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Gastroenterology. 1993 Jan;104(1):31-7.

Leukocyte adherence in rat mesenteric venules: effects of adenosine and methotrexate.

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Department of Physiology, Center of Excellence for Arthritis and Rheumatology, Louisiana State University Medical Center, Shreveport.



Methotrexate (MTX) reduces neutrophil adhesion to endothelial cell monolayers, possibly via stimulation of adenosine production. However, it remains unclear whether adenosine participates in the anti-inflammatory actions of MTX in postcapillary venules.


Leukocyte-endothelial cell adhesive interactions were measured in rat mesenteric venules (25-35 microns diameter) during superfusion with either bicarbonate-buffered saline (BBS) alone, BBS combined with platelet-activating factor (PAF), or BBS combined with leukotriene B4 (LTB4). In some experiments, either MTX or adenosine was added to a superfusate containing either PAF or LTB4. In other experiments, either adenosine deaminase (ADA), an adenosine A1-receptor antagonist, or an A2-receptor antagonist was added to a superfusate containing PAF and either MTX or adenosine.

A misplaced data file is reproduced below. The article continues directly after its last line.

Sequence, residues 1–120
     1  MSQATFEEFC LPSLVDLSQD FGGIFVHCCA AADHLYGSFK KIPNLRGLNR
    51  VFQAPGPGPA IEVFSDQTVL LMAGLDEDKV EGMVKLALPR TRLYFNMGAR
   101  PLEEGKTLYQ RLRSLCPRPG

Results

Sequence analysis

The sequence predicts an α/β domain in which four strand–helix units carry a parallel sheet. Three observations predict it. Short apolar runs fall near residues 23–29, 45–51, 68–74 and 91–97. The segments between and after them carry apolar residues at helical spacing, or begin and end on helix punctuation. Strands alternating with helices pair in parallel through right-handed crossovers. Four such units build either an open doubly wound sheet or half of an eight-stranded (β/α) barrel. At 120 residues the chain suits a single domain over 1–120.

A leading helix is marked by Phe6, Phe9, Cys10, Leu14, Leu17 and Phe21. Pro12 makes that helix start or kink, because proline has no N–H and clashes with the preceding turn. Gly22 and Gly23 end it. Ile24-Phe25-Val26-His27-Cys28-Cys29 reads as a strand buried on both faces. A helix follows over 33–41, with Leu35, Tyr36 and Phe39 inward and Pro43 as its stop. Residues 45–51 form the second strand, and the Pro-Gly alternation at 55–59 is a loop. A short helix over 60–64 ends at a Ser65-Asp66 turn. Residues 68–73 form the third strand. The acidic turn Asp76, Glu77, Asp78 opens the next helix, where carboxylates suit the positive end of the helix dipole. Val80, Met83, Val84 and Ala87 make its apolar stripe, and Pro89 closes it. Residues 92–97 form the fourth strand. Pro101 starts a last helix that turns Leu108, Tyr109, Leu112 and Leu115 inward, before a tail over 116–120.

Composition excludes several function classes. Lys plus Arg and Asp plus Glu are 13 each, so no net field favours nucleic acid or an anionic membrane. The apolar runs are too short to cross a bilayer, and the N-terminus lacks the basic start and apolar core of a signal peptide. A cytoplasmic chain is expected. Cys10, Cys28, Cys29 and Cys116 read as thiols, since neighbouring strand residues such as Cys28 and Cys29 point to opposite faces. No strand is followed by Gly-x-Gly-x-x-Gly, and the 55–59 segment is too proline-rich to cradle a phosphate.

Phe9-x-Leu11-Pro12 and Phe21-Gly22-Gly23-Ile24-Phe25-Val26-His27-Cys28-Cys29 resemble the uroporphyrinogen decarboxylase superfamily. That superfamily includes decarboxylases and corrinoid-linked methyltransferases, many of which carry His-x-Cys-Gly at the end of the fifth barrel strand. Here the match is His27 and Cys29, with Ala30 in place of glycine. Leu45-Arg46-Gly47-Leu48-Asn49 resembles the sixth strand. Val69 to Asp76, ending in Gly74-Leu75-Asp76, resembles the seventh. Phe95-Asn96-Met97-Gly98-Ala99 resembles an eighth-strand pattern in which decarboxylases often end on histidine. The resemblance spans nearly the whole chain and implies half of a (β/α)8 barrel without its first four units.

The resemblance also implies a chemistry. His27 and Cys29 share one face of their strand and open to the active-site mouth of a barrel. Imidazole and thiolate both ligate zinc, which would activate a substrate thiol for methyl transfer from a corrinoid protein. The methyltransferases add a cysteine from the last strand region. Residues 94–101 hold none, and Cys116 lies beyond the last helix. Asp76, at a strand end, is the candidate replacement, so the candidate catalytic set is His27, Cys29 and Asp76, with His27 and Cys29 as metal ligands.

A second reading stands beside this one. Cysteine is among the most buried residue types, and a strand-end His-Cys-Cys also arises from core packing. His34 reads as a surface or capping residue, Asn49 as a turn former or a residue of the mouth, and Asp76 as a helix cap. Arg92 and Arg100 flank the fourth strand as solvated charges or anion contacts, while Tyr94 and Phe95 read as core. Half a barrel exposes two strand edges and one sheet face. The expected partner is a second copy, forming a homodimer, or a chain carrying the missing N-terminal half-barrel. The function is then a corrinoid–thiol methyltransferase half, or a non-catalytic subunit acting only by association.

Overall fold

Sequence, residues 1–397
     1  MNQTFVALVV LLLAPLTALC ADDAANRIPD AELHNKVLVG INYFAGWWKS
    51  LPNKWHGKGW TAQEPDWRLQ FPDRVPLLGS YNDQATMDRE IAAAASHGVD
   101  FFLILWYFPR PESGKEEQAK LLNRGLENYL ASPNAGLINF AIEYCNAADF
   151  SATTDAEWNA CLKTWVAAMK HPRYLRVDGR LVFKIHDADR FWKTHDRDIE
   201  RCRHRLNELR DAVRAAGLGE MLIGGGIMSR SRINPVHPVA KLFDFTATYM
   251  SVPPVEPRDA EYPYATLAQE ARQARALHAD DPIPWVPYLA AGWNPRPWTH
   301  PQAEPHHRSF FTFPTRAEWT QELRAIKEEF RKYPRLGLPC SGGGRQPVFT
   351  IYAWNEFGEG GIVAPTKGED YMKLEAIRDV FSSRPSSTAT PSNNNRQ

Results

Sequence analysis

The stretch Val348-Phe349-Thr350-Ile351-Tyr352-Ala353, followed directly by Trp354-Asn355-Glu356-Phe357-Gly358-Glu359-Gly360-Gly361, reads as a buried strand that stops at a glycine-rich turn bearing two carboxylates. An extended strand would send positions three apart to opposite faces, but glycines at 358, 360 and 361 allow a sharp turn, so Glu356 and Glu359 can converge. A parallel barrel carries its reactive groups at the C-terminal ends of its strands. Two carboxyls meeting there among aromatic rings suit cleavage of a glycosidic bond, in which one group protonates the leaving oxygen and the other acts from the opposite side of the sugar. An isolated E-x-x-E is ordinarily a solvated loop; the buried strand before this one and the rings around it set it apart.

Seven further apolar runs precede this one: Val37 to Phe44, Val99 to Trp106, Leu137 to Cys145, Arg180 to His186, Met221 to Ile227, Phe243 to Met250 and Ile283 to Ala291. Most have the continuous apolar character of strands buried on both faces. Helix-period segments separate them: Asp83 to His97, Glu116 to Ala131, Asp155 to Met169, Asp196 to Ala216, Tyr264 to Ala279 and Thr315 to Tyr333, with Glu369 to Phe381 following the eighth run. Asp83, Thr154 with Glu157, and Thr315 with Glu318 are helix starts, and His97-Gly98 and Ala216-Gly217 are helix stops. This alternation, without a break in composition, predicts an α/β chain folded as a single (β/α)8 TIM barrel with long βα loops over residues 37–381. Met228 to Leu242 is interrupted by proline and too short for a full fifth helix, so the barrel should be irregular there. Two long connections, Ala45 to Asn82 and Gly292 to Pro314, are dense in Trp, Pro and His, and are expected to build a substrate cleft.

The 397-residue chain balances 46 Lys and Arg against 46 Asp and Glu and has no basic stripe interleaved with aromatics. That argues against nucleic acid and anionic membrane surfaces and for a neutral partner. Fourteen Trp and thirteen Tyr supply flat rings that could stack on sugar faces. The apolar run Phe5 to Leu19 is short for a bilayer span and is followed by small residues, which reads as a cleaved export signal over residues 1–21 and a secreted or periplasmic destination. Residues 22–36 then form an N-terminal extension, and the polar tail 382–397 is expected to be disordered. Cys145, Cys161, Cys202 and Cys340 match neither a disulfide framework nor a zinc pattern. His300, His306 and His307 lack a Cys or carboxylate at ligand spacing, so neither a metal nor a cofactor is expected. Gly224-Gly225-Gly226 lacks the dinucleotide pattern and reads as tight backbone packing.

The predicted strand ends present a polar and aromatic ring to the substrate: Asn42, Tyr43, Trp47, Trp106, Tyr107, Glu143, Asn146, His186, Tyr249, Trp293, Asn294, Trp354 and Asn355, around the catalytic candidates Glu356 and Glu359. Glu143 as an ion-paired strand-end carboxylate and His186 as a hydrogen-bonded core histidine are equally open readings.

Both MTX and adenosine were effective in preventing the leukocyte-endothelial cell adhesive interactions elicited by PAF, but not by LTB4. These actions of adenosine and MTX against PAF-induced leukocyte adhesion were blunted by ADA and the A2-(but not the A1-) receptor antagonist.


These results indicate that both adenosine and methotrexate attenuate PAF-induced leukocyte-endothelial cell adhesion in postcapillary venules via activation of A2-receptors on the leukocyte.

[Indexed for MEDLINE]

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